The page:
Has it really been 2 months and I've neglected to update this blog with our trips to Honduras and Guatemala? Wow, it really has.
Well, that's going to have to wait, because I have Taiwan Election 2010 Pictures!
Also see Jenna's election coverage here.
Elections are Saturday, November 27 for the mayorships of Taiwan's five biggest municipalities, as well as a host of lesser offices. Taipei is now absolutely covered with signs for various candidates, and the streets are full of campaign workers distributing flyers to passers-by as if to say, "Here, you throw this away".
Little cartoon avatars of the candidate are pretty common, as you can see with Popeye here. If it's common in Taipei it seems to be even more common in Kaohsiung, which is full of cute little Chen Chu cartoons.
In Kaohsiung, Tainan, and Taichung the mayoral races are not expected to be especially close. DPP candidates are generally expected to win election in Kaohsiung and Tainan, and the KMT mayor is expected to be re-elected in Taichung.
That leaves Taipei and Sinbei, the latter of which is not, properly speaking, a "city", but rather the suburbs of Taipei packaged together and newly incorporated to form the new largest municipality in Taiwan.
The incumbent mayor of Taipei is Hau Long-bin, seen here in improbable clothing on the side of a Taipei City bus (if I'm reading the Chinese correctly, it's about Hau's tireless efforts to prevent flooding).
Here's Hau with a local City Council candidate. It's common on election posters for local, lesser-known candidates to pose with a much more prominent member of the same party.
Hau's opponent is Su Tseng-chang of the DPP. It's universally believed that Su's real goal is to be elected president (he unsuccessfully campaigned for the DPP's presidential nomination in 2008), and many go so far as to say he entered the Taipei mayoral race expecting to lose, hoping the publicity and campaign organization would give him a stronger platform from which to challenge Ma in 2012.
If that's so, it looks likely to backfire for him. A year ago, nobody thought Hau's numbers would be as weak as they are now. Su looks very likely to actually topple Hau, which will put him in the position of either having to scuttle his 2012 ambitions or going back on his promise to serve out his term if elected. (I'm not certain, but I believe he'd be legally obligated to resign as mayor if he ran for president.)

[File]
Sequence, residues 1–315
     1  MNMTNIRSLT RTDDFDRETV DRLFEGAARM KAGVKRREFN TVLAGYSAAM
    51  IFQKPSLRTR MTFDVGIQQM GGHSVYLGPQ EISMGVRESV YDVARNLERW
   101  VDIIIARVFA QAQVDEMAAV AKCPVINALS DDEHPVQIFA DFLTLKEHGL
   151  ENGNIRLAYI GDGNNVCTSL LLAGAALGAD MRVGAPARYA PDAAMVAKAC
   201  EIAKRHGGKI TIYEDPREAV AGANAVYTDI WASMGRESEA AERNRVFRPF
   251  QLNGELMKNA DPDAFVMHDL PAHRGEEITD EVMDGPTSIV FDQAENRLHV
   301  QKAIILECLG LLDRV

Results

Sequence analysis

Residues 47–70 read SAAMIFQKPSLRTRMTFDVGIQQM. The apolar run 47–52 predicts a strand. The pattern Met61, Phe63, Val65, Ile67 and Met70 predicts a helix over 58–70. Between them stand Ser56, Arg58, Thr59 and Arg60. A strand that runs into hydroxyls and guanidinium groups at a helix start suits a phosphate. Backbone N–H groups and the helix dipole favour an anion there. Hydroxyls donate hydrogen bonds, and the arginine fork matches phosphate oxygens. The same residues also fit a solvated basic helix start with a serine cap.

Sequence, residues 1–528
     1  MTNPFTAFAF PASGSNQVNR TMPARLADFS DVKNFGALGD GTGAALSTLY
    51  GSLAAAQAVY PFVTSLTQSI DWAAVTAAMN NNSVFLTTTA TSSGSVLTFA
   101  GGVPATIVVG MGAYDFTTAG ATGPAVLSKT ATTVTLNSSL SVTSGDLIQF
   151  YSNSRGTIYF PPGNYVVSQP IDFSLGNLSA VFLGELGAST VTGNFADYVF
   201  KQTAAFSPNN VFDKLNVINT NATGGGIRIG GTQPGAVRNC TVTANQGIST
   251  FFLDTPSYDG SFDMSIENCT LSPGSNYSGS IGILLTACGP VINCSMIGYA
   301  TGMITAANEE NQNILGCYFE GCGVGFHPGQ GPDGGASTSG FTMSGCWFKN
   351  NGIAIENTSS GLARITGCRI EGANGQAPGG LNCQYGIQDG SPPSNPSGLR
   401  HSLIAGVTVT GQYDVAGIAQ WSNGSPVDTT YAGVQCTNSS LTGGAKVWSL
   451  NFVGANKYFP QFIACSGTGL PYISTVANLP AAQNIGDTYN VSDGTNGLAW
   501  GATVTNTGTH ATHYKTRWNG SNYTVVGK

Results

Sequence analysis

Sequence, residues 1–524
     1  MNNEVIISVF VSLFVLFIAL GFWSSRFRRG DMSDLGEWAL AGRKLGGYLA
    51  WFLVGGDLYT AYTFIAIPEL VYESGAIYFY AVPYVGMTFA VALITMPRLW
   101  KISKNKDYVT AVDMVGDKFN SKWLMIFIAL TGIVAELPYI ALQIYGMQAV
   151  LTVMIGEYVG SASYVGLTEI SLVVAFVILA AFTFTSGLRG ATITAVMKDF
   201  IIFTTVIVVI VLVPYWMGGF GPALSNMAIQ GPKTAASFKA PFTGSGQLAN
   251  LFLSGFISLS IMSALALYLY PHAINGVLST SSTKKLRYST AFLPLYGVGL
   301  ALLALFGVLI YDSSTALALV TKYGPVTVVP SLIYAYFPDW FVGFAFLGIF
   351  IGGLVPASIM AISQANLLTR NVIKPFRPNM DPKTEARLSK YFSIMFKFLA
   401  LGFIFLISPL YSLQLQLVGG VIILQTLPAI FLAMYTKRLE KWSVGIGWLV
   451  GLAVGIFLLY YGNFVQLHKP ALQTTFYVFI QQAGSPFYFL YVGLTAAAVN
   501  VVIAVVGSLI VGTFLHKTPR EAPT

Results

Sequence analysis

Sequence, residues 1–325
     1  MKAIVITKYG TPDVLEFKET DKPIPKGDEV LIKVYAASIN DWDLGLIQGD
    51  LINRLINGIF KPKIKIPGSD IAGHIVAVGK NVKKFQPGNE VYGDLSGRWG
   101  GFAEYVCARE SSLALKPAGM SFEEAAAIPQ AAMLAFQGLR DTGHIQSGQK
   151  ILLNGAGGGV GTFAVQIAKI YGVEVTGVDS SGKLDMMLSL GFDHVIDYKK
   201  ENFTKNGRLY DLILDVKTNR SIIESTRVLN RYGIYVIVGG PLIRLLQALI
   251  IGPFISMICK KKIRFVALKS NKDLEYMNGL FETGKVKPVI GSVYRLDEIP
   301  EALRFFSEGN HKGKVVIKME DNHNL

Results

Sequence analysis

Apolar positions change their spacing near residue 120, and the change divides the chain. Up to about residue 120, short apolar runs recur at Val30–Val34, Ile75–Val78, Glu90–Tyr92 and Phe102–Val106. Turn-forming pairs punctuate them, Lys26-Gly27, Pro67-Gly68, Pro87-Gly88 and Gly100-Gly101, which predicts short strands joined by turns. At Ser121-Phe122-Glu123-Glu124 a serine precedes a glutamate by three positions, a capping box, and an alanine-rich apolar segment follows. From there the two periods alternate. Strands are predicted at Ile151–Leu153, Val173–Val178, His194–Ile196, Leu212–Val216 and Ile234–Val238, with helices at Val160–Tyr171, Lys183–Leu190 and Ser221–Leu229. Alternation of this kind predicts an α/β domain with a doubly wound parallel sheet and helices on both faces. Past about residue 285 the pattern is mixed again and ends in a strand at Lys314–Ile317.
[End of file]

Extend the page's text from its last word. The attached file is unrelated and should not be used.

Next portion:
Local candidate Zhou Ni-an's truck there has lots of political imagery. That's not only Su Tseng-chang in the right background, but former president Lee Teng-hui on the left. He's the former KMT president who has since turned his back on his former party and actively campaigns against it every time election season rolls around. On the right there's a pun, which is pretty common on election posters; it says something like "Wishing you well," which sounds like Zhou's name.
I don't live in the not-yet-existing Sinbei City, but as it comprises most of Taipei's suburbs, plenty of Taipei city buses whose routes are partly in Sinbei are festooned with Sinbei campaign advertising.
On the left is Sinbei mayoral candidate Chu Li-luan; on the right is a local candidate for, I believe, city councilor. They're trying so hard to convince us that they're cool, with their "MiB" getup.
Chu, universally referred to in the English-language media by his Anglo name Eric, is considered the KMT young handsome rising star right now. If you asked Taiwanese people to predict the likely KMT presidential nominee in 2016, you'd hear Chu's name more than any other.
Tsai Ing-wen is the chairwoman of the DPP and Chu's opponent for mayor of Sinbei. She's also generally thought to be planning to challenge Ma in the 2012 election, which means the DPP will be in an interesting position if Tsai and Su both win their respective elections.
I'll probably make another election-themed post in a couple of days once we know more of the fate of Mr. Hau, Mr. Su, Mr. Chu, and Ms. Tsai.